Express Exchange Engage
To begin to understand the significance of Wikileaks for the public service we need to understand the dynamic at work. It is all to easy to fall into the trap of simply taking one side or the other - which pretty well sums of the behaviour of the institutional players so far.
And what better way to do that than look at some of what has been said.
“To radically shift regime behavior we must think clearly and boldly for if we have learned anything, it is that regimes do not want to be changed. We must think beyond those who have gone before us, and discover technological changes that embolden us with ways to act in which our forebears could not. Firstly we must understand what aspect of government or neocorporatist behavior we wish to change or remove. Secondly we must develop a way of thinking about this behavior that is strong enough carry us through the mire of politically distorted language, and into a position of clarity. Finally must use these insights to inspire within us and others a course of ennobling, and effective action.” From Julian Assange, “State and Terrorist Conspiracies”
"If you want a picture of the future, imagine a boot stomping on a human face -- forever." From George Orwell, "1984"
"This is democracy's Napster moment, the point at which the forms of governance that have evolved over 200 years of industrial society prove wanting in the face of the network, just as the business models of the recording industry were swept away by the ease with which the internet could transmit perfect digital copies of compressed music files." From A world after Wikileaks
"Relying on behaviour management techniques, libertarian paternalism aims to manipulate people into making choices that the powers that be consider ‘right’. Nudging people towards the ‘right direction’ has as its premise the idea that people lack the moral and intellectual resources to know what is in their interest." From Liberal paternalism gets public and private the wrong way around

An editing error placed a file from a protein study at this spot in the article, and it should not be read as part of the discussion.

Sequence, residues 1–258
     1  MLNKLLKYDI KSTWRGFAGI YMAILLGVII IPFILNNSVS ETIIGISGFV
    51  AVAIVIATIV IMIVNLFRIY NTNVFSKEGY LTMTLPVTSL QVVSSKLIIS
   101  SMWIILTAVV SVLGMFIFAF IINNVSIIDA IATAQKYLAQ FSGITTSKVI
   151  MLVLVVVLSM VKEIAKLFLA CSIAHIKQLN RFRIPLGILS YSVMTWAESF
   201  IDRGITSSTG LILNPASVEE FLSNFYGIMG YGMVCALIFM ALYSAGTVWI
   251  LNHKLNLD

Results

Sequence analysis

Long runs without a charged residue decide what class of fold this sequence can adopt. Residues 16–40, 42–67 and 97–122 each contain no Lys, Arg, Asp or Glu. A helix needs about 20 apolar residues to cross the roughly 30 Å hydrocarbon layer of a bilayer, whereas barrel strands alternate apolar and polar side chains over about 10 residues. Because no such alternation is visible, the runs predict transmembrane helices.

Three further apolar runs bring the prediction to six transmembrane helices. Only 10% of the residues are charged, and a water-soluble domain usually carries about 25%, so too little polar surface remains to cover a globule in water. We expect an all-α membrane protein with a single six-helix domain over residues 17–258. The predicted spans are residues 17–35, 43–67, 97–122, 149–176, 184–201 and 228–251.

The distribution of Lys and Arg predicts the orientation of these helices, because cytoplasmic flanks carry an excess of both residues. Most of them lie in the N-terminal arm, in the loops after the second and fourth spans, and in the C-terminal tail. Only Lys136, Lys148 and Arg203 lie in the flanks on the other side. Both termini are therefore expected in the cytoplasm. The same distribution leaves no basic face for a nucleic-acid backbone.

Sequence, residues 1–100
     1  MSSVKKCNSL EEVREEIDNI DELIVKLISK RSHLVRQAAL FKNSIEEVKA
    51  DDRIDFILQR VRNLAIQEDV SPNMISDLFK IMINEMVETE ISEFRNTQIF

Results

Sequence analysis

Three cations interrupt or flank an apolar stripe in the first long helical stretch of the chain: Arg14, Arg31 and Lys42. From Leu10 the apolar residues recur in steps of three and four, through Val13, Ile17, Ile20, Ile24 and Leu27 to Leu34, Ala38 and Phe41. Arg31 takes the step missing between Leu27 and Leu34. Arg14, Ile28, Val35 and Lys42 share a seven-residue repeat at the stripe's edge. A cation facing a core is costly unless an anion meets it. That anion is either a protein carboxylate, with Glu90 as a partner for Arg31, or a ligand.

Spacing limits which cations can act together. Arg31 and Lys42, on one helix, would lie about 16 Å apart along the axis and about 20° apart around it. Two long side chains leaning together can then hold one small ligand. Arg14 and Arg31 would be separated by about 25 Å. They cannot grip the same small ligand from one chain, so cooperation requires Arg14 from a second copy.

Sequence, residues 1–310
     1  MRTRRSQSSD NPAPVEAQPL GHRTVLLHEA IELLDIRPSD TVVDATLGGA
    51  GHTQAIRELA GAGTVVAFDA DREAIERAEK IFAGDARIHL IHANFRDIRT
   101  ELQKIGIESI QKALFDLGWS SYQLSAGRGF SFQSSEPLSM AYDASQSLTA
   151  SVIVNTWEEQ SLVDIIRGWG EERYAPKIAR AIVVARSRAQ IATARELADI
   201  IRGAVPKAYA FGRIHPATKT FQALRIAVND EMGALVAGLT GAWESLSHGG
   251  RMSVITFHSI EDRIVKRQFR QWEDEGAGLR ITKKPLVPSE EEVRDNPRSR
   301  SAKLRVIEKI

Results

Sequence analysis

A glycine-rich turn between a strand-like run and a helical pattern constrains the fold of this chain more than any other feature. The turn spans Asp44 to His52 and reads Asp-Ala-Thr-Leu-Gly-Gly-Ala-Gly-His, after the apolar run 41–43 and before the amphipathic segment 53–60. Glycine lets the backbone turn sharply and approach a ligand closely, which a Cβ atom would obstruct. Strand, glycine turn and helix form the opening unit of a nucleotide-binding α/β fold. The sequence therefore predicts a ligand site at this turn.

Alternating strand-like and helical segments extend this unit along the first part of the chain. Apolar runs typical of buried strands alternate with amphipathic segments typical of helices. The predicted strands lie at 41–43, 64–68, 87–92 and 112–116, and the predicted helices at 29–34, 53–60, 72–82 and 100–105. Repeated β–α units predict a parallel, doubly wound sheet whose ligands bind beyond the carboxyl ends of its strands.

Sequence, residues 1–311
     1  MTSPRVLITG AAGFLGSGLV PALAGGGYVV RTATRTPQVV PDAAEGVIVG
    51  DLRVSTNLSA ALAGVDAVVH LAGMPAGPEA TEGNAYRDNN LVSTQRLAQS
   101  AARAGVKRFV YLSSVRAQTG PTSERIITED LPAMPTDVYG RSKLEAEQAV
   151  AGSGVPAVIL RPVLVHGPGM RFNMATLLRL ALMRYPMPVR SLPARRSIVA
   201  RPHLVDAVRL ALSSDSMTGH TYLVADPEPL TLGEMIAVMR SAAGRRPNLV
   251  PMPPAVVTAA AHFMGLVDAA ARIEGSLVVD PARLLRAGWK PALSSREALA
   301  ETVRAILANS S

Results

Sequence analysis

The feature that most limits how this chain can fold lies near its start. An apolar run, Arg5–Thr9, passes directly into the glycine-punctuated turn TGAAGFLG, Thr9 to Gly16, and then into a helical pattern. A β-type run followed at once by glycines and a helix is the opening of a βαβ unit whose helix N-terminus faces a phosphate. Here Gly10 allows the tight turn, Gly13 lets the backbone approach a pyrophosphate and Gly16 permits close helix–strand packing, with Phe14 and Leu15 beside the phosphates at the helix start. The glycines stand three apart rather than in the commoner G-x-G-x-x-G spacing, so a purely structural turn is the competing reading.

"This idea that Assange is the great revealer of "hidden truths", like Moses descending the mountain with the commandments or Jesus offering pearls of wisdom on a hilltop, is widespread in the liberal media." From Left bows down to false WikiLeaks prophet
OK first to Julian Assange and Wikileaks. The key point here is that Assange, like many others, is an information activist. Add to that their technical background and what you really have is a bunch of people who understand how systems work and the important role of information in society. It work something like this:
And what is the tendency of existing regimes in society? To lock up information. In essence this is the 'government and neocorporatist behaviour' Assange is concerned about. And to see the consequences of that behaviour one only has to check out, for example, Collateral Murder - Wikileaks - Iraq
Consequently, the disclosure of information is a weapon. A weapon for social good and and weapon to change government and neocorporatist behaviours. In short regime change.
While the language used by Assange might seem strange at first the logic certainly stacks up from a systems perspective. Moreover, it certainly makes sense given the role of the internet and social media in society. It would be wrong, of course, to ignore the moral dimension to all this. How can citizens in democratic societies make informed decisions if information is hidden from them. Such practices encourage appalling practices and behaviours. Wikileaks has proven that.
The emotive reaction of politicians from various sides of politics is quite understandable. They do not want to change and are terrified that they will loose moral authority over their citizens.